by Bojana P.
I talked with Gvozdena N. on February 17th 2020 in her apartment in Gerontology center in the Serbian city of Kruševac. She was a nurse, now she is retired.
Gvozdena was born in 1934 in village Stanci nearby the city Kruševac (central Serbia). In childhood she lived with her parents, older brother and grandparents. Family was middle class. Great influence on Gvozdena’s upbringing had her Grandad. Her Grandma died in 1937. so she doesn’t remember her well. Grandad died in 1941. She remembers when she started elementary school in 1941. School was in another village and she walked there on her own. There were lots of children in school. Due to the War her education was stalled but she continued school in 1944 when the War was ending.
She has a lots of memories from the 2nd World War. Gvozdena was separated from her family in 1942 when she joined partisans’ hospital in nearby spa town Ribarska Banja. She washed compresses, bandages and medical materials. She was assisting in surgeries and watch surgeries without anesthetics. She says that these experiences influenced her choice of profession. After the War she continued school but says that it was difficult because there were many children and not a lot of teachers. Her parents were supporting her in pursuing education but they weren’t helping her much. In order to pay scholarship, she worked several jobs. When she turned 18 she became a member of Communist Party. Her joining the Party was influenced by her father who was a communist since 1931.
In 1955. she moved to Požarevac (city in Eastern Serbia) where she worked until 1969. Period when she lived in Požarevac she remembers as happiest time in her life. She remembers socializing, labor actions (organized to rebuild infrastructure in the country), being a member of cultural and artistic association, traveling across Yugoslavia, parties for New Year’s Eves. She even managed to take a loan and buy a house in Požarevac. However, in 1968 seeing changes in public institutions she felt that huge change is going to happen in the society. She begun to consider the possibility to move abroad. Her brother helped her and in 1969 she moved to The Netherlands. First she worked different jobs in psychiatric hospital 26 km from Amsterdam and eventually she became permanently employed as a nurse. Social worker also from Serbia suggested her to financially supports three girls in Serbia, which was customary at the time. People living abroad were helping poor back home. Each month she was sending money for these girls. After a year she was asked if she wants to adopt them because it was legal even though she wasn’t married at the time. She agreed to adopt them and she got the picture of the girls. One day in a cafe where people from Serbia and Yugoslavia were socializing she showed a picture to other guests and a man saw it. It turned out that a man was girls’ father who worked on a ship. He was also sending money for his daughters but it turned out that an attorney, authorized by girls’ mother, was actually keeping the money so the family wasn’t receiving anything. Together in several occasions they went to Yugoslav Embassy to resolve situation. Just when she wanted to give up adopted parental rights to girls’ father, he proposed her. It was on April 15th 1971. In the meantime, he divorced his first wife and started living with Gvozdena on July 6th 1971. Several years later after losing a son in advanced pregnancy couple decides to adopt Gvozdena’s nephew. In 1982 they moved to Amsterdam. Together with her husband she returned to Serbia in 2005. Her husband died in 2014. They were married for 43 years and she says that she had a great marriage, one which she would wish to everyone.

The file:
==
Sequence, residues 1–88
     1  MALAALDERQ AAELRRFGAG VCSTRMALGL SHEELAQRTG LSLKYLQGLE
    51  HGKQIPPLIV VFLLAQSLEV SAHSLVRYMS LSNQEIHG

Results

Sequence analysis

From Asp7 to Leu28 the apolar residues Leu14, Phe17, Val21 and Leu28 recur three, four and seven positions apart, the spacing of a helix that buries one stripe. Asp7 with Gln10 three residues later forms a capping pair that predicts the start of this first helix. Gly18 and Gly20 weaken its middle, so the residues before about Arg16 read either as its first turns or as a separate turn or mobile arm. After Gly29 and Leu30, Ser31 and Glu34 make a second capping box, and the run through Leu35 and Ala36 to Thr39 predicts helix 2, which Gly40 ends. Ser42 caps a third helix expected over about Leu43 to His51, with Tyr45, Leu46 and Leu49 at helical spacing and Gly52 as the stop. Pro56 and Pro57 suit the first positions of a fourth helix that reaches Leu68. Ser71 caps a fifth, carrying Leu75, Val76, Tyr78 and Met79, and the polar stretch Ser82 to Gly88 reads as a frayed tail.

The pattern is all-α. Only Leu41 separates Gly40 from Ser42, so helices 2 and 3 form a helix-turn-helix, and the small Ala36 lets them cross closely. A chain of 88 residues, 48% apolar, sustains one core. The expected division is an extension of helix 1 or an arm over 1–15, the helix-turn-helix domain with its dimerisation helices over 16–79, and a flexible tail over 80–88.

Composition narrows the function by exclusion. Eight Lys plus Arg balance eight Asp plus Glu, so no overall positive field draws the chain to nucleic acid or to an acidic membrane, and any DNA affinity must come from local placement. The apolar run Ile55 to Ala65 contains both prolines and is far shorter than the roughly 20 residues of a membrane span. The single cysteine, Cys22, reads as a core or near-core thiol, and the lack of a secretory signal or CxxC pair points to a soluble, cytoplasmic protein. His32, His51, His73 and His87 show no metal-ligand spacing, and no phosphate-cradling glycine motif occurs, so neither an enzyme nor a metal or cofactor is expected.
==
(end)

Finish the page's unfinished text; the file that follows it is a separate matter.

She has health problem. In 1991 due to stress caused by disintegration of Yugoslavia she got diabetes. She managed to keep the sugar level in control until 1999 but again due to stress because of bombardment of Yugoslavia her health deteriorated.
She says that her life was fulfilled and happy. Helping others has always motivated her. She chose to live in Gerontology center because she didn’t want to bother her children (though they are adopted, she considers them hers own) and grandchildren. She leads an active life, frequently spending time with her friends outside the Center. She reads a lot, watches television, knits, crochets and braids.
She described a situation that she connects with discrimination of elderly people – in a crowded bus no one wanted to let her sit even though she had crutches due to leg injury. She emphasizes that up-brining in the family is the most important because many forms of behavior comes from the family.
Talking with Gvozdena was unforgettable experience for me. Interview was a bit difficult in terms of keeping the focus because Gvozdena has rich biography and loves to talk so she frequently made digressions. However, listening her was real pleasure. I thought that her story will be interesting especially because she lived abroad for very long time but I didn't expect that it will be so inspirational. Moral of her story and also message that she sends to younger generations is that helping others without any expectation of returned favors brings many goods. Gvozdana's story tells that hard work and efforts always pays off. She also tells that it is important to find a person to live together in harmony but it requires mutual respect and appreciation. To the younger generations she also recommends to get married and have children when they are younger because it gets more difficult as one grows older like it was in her case.